Interested in Japanese culture? Or fond of performing arts and fascinated in Japanese paintings? Over the past 10,000 years in the primeval Jomon Period, both contemporary and traditional arts widely embraced Japanese culture. In fact, a cultural expo held in Tokyo last year aims to share with sightseers how nature sows innovation in Japan. At present, the remarkable sense of artistic expression has been grown in Japan for over 10,000 years.

  • Japanese Treasure
  • The restoration of historical artworks is one of the legacies of Japan to the next generation. The skills and traditional techniques through the production of the artifacts are proof that Japan’s rich nature contributes to artistry in their history. In addition, Kyocera Museum of Arts in Kyoto City exhibits national treasures such as archaeological artifacts, calligraphy, crafts, paintings, sculptures and other Kyoto’s treasures.

  • Japan’s architectural design
  • Ancient natives in Japan exhibit different interesting architectural forms from farmhouses to imperial palaces. Constructions were made of natural timberwood material as it is a good stronghold for earthquakes. In the Jomon period, houses were built straight down to the earth floor and used wood for foundations. The prehistoric architectural styles of Japan have adapted to modern times, specifically western architecture.

  • The Traditional Performance Arts
  • The prosperous performing arts in Japan history scopes from theatrical play to traditional music and dance performances. One of the classical theaters in Japan is called ‘kabuki’. Kabuki is a drama theater with dynamic styles of acting. UNESCO proclaimed the Kabuki theater as an Intangible Cultural Heritage of Humanity in 2005. On the other hand, a traditional puppet theater in Japan emerged in the 17th century called ‘bunraku’. Bunraku originated in Osaka and has depicted adaptation of stories like classic and tragic love, legends, tales and heroic event stories. Puppeteers operate the half life-sized Bunraku puppets instead of using strings to produce realistic facial expressions and actions.

  • Japan’s iconic garment: Kimono
  • Kimono marked the substantial fashion of Japan all throughout the years. It is also a practical garment for all occasions as it flaunts different patterns and colors that signify Japan culture and artistry. Kimono became a known garment from the 18th century worn by both men and women. It is typically made of silk, wool or synthetic fabric. During summer and or after bathing at hot springs, Japanese usually wear ‘yukata’, a light-cotton kimono, and a wooden footwear called ‘geta’.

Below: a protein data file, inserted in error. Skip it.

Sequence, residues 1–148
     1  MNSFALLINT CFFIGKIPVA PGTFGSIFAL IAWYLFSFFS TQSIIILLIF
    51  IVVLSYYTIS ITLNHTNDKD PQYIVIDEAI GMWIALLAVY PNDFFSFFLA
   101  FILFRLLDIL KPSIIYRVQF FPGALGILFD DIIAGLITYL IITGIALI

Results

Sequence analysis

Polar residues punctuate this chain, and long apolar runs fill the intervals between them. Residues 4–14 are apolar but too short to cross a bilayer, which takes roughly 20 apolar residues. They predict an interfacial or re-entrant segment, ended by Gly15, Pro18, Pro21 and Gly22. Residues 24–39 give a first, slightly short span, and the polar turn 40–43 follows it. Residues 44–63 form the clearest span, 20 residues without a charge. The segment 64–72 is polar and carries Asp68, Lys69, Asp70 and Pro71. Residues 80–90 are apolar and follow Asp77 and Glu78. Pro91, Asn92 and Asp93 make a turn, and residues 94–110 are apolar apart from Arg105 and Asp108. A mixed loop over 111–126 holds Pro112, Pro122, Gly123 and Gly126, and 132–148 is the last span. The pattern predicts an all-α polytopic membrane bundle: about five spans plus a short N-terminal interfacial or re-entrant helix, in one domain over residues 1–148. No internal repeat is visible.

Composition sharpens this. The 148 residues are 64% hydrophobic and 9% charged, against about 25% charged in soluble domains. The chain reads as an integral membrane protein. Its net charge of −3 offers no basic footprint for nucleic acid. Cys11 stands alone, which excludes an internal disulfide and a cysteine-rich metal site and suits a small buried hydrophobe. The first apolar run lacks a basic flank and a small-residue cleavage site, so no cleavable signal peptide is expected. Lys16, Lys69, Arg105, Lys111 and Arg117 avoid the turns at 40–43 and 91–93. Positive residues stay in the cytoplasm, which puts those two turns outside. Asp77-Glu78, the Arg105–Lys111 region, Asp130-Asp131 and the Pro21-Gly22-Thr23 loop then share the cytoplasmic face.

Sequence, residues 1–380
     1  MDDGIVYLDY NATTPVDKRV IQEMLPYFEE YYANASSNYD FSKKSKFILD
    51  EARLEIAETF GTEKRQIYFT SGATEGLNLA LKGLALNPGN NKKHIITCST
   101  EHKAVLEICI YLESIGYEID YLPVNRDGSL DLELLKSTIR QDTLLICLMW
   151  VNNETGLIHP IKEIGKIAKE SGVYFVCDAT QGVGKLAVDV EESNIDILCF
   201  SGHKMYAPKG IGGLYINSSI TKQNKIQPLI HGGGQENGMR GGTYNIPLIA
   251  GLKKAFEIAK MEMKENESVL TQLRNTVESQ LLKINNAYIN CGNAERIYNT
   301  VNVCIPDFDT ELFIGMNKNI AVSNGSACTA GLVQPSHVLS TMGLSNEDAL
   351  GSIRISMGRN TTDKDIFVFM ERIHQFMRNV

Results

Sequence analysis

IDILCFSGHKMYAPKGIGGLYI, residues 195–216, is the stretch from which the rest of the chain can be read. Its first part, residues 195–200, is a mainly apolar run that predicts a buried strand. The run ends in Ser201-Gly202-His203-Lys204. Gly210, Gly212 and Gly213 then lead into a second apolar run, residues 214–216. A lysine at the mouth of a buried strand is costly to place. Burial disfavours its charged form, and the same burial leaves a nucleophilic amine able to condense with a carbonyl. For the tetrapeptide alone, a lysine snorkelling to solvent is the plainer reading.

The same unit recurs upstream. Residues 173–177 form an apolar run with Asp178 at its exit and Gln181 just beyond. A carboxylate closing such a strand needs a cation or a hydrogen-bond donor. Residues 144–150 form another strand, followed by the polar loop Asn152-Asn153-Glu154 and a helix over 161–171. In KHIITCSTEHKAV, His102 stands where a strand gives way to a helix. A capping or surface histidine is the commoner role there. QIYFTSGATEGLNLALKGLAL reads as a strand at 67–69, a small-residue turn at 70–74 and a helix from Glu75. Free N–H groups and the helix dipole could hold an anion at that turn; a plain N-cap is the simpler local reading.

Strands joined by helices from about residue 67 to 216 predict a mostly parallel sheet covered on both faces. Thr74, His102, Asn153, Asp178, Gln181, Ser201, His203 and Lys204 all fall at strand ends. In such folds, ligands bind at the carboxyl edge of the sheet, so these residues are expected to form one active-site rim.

• Japanese cuisine
  • Every country has its own special foods they can be proud of around the world. Lots of restaurants cater to varieties of foods, and Japanese cuisine is one of the major banquets to attract customers. In fact, Japanese cuisine was declared as an Intangible Cultural Heritage of Humanity by UNESCO. Traditional Japanese cuisine is called ‘washoku’, written in kanji – ‘wa’ means Japan and harmony, while ‘shoku’ means food and to eat that simply means all ingredients are harmoniously blended and artistically presented. It also implies fantastic cooking techniques and natural ingredients over the whole Japan islands. Tracing 10,000 years back in the long history of Japan, popular and great deal Japanese courses are comparatively new across the globe.

    Japan’s culture is set amid the magnificent nature and artistic hands that made it known in the world. Understanding and appreciating the cultural origin of Japanese heritage imparts the depth of history to the modern era. By rediscovering one’s culture means having the pride to share the opportunity to experience Japan’s culture in another nation.